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HRW: Pakistani Police Commit Widespread Abuses

Pakistani camouflaged police commandos take part in anti-terrorism training during the passing-out ceremony of the Special Security Unit (SSU) in Karachi on June 15.

Human Rights Watch (HRW) has accused Pakistan's police of carrying out extrajudicial killings, torture, and arbitrary arrests, and called on the government to implement reforms to its forces.

The findings were included in a new report released on September 26 that is based on interviews with 30 police officers and 50 victims or witnesses of abuse across the country.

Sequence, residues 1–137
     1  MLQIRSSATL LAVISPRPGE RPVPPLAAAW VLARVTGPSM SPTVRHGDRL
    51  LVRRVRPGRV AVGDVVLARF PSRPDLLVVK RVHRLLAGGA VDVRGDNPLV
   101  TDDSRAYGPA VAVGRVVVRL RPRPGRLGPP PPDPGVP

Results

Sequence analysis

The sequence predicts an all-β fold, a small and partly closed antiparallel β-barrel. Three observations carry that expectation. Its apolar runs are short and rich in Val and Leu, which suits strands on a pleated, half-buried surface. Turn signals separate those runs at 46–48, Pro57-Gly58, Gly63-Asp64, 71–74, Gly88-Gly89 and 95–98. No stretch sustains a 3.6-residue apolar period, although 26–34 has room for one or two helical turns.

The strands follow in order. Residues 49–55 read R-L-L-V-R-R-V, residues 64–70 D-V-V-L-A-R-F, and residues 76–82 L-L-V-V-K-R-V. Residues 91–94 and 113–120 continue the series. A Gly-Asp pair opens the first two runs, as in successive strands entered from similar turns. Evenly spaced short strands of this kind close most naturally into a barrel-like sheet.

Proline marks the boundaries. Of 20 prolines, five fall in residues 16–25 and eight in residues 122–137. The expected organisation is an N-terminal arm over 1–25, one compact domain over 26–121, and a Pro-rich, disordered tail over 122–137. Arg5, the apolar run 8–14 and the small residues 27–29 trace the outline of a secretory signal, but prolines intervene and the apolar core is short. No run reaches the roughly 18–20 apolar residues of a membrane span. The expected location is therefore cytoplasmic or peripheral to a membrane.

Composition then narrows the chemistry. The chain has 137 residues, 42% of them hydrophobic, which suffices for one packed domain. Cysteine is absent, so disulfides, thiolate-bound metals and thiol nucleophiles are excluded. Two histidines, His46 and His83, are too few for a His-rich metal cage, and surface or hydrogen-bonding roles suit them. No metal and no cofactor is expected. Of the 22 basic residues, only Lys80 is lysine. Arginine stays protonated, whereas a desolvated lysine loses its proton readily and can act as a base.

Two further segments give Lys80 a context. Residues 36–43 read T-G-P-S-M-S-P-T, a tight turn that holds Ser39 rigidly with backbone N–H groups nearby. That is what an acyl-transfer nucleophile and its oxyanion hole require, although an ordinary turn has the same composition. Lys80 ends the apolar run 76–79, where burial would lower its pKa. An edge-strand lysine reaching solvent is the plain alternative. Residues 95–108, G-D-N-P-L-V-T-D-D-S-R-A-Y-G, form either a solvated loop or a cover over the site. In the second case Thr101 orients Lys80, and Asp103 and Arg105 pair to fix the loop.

The report said that "torture methods include beatings including with batons and leather straps, stretching and crushing legs with metal rods, sexual violence, prolonged sleep deprivation, and mental torture, including witnessing others being tortured."

"Pakistan faces grave security challenges that can be best handled by a rights-respecting, accountable police force," said Brad Adams, Asia director at Human Rights Watch.

"Instead, law enforcement has been left to a police force filled with disgruntled, corrupt and tired officers who commit abuses with impunity, making Pakistanis less safe, not more."

The report found that those from marginalized groups -- including refugees, the poor, and religious minorities -- were especially at risk of police abuse.

Based on reporting by AP and AFP